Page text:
sustainableme (sustainableme) wrote,

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Caffeinate Responsibly

As anyone who knows me can attest, I am a coffee fiend, nonfunctional until I've had a cup, and extremely cranky when I don't have any.  Therefore, one of my first green changes was to switch to a more earth-friendly and socially responsible brand of coffee.  I read somewhere recently (can't recall where, but I'll edit when I find it) that coffee is the 2nd largest import into the US after oil, so if you partake, it definitely makes a difference who you buy from.  Luckily, there are lots of good options for responsible roasters, some of which might even be local to you.


I looked at quite a few different company websites before settling primarily on Grounds For Change, which is in the Seattle area.  Although this isn't very local to Chicago, I went with them because not only is their coffee is all organic and fair trade certified, but most of it is also shade-grown, which preserves wildlife habitat, and Grounds For Change is a certified carbon-neutral company committed to using renewable energy.  They're also a member of 1% For The Planet and Co-op America.  They don't do flavored coffees, but they have a very wide range of single-origin coffees and blends, and all the ones I've tried so far have been excellent. And when you order from them, you can choose between whole bean, french press grind (which is what I usually get), metal filter grind, paper filter grind, or espresso grind, which I think is pretty cool.

My second choice is Intelligentsia Coffee, a Chicago roaster with a really good reputation in the coffee world.  They aren't fair trade certified, but this is because they operate on what they call a direct trade system.  Fair trade basically means that the coffee farmers work in safe conditions and are paid a fair living wage for their labor, guaranteed knowledge of which is passed on to the consumer via certification from organizations such as TransFair USA, whereas under Intelligentsia's direct trade system, they choose to bypass the certification middleman and use the money they would be paying for certification to pay their coffee growers at a rate even higher than the fair trade wage.  I actually think their system is slightly better than that of Grounds For Change and other fair trade coffee roasters, but it was the crop-to-cup carbon-neutral certification of Grounds For Change that trumped the local and direct trade of Intelligentsia for me, plus the fact that not 100% of Intelligentsia's coffee falls under their direct trade classification (yet).  However, because I believe they're doing a lot of good and I also like to support local and independent businesses, I'll buy the occasional pound of beans from Intelligentsia - it probably accounts for about 1/4 to 1/3 of my coffee purchases.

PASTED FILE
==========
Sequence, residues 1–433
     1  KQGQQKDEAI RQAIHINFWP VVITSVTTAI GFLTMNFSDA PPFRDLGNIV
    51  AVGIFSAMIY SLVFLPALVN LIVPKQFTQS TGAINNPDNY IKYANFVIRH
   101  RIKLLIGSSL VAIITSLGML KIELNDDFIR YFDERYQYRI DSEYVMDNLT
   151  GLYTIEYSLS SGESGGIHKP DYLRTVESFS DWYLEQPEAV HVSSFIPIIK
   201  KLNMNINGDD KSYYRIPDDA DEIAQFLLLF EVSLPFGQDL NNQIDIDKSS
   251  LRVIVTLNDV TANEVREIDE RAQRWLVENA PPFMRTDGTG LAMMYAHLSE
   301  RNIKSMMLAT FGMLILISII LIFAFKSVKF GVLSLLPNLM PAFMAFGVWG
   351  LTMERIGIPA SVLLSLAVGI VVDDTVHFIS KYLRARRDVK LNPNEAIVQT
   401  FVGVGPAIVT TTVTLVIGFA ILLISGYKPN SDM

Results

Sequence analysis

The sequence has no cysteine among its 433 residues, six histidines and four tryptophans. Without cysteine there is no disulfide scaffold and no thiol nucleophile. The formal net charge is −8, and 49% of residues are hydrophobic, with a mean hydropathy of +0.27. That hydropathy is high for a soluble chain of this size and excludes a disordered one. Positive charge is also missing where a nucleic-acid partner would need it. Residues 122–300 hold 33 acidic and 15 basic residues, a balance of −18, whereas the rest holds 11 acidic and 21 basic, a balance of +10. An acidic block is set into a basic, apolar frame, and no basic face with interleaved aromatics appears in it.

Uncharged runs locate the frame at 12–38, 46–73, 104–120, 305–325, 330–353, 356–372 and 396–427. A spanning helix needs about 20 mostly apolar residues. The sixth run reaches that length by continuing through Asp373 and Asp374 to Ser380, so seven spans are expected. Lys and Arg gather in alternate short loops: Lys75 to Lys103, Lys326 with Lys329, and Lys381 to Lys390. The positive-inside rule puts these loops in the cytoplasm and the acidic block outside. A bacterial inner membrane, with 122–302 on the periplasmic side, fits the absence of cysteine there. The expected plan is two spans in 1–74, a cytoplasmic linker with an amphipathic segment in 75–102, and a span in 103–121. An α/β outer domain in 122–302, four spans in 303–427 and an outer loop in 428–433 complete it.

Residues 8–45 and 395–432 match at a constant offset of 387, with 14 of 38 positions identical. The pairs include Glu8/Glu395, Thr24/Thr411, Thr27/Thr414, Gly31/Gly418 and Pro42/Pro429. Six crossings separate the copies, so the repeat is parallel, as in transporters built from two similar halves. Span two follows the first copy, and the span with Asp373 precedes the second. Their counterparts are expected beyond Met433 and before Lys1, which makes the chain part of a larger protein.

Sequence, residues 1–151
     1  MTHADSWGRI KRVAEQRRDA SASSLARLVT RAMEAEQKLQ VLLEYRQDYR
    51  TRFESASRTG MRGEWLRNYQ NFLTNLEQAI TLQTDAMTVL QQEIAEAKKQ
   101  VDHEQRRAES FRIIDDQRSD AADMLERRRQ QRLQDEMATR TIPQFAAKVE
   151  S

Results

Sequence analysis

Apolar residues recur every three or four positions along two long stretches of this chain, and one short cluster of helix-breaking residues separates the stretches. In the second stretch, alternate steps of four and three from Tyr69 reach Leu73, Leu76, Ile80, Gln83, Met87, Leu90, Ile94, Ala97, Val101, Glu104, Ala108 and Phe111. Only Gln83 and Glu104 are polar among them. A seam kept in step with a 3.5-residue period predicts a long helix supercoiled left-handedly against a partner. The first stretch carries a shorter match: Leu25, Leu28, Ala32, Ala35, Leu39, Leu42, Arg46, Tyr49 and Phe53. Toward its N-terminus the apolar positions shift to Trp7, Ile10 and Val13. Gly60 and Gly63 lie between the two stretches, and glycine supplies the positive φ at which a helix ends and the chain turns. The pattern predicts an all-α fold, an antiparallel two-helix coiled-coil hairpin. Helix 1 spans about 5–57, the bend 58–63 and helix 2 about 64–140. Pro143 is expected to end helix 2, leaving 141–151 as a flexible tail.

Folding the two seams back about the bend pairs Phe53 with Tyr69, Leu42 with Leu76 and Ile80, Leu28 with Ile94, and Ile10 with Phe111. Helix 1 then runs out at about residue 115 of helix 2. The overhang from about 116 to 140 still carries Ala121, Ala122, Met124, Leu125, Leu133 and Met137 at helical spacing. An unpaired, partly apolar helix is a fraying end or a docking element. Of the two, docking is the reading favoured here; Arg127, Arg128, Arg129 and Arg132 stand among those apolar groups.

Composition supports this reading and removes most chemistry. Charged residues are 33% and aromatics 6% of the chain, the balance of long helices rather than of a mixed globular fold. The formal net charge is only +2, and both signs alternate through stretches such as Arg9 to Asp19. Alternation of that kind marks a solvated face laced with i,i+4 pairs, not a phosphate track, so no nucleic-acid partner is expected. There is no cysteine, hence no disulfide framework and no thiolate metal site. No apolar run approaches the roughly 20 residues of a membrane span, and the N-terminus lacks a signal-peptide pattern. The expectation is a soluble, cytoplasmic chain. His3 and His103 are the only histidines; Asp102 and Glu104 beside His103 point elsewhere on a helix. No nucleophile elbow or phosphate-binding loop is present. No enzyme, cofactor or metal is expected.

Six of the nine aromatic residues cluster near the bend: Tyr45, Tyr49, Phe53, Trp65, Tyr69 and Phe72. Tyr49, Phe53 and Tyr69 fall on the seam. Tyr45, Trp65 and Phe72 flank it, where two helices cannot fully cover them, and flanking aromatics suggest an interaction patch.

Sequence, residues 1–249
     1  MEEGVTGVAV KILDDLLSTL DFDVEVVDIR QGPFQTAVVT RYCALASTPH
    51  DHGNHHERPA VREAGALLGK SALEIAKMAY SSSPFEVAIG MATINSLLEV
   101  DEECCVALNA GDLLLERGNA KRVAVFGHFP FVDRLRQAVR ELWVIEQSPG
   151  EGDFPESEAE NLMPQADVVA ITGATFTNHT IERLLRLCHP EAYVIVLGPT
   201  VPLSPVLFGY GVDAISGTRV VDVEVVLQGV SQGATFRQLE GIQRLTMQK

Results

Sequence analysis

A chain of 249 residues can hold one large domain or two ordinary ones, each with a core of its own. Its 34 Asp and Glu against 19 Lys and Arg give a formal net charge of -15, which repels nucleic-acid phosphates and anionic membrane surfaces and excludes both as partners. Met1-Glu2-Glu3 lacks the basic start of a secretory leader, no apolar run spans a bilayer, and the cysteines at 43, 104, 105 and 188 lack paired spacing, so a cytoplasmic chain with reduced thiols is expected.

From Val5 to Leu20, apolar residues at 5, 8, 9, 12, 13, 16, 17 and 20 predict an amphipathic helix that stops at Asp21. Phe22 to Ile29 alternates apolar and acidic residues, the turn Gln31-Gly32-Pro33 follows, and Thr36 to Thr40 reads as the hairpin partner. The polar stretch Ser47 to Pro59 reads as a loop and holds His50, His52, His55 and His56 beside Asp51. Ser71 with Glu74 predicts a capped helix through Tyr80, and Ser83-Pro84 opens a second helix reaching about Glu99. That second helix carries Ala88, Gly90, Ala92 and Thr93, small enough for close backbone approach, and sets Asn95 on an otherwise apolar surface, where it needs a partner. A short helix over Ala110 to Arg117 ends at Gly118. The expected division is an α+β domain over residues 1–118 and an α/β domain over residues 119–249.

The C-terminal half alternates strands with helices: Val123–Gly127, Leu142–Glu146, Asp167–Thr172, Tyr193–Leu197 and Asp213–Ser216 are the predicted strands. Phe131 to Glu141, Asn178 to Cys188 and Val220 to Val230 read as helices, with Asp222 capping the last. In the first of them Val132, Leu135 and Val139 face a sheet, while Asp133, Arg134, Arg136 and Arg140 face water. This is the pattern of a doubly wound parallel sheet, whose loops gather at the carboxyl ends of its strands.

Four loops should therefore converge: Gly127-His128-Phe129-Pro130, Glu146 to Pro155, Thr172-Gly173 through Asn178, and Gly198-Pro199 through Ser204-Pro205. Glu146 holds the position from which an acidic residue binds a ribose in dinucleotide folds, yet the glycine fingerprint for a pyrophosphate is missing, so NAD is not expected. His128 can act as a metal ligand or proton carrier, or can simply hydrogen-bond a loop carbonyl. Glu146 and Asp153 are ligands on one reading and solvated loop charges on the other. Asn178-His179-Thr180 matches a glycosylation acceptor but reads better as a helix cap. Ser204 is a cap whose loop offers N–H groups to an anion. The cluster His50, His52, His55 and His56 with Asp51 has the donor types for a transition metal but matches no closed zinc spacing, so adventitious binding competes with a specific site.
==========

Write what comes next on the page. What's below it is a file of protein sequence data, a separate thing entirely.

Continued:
A lot of the time, fair trade coffee will also be certified organic, and even if it's not, often a company that cares about its growers' welfare also cares about the environment as well and will have other environmental initiatives in place.  Even though certified fair trade isn't the same as certified organic, buying fair trade coffee is still better for the environment than your regular grocery store brands - since dousing a crop with chemicals is neither safe for the coffee growers nor conducive to preserving the ecosystem for future crops, chemical usage on fair trade coffee (and other tropical crops like tea and chocolate) is much lower than it is on conventionally grown crops.

If you're wondering what other companies are out there, Catholic Relief Services has a nifty map of fair trade coffee companies in the US.  This list doesn't cover everything, but it's a good place to start, and it provides summaries and links to each company's website.  (If you have strong feelings regarding religion, I'm pretty sure the companies listed have no affiliation with the Catholic church, or vice versa.)  Green Mountain Coffee is a pretty ubiquitous brand that I've seen in regular grocery stores if you don't like to order online - they have a lot of social and environmental initiatives going on, such as being fair trade certified, and they also have a collaboration with Newman's Own Organics (which is news to me).  I'm sure there's a lot of other options as well - maybe even a roaster in your own hometown.

And now I'm off to brew some more coffee, seeing as I'm up far earlier than I'd like.
Tags: coffee, fair trade, organic, shopping
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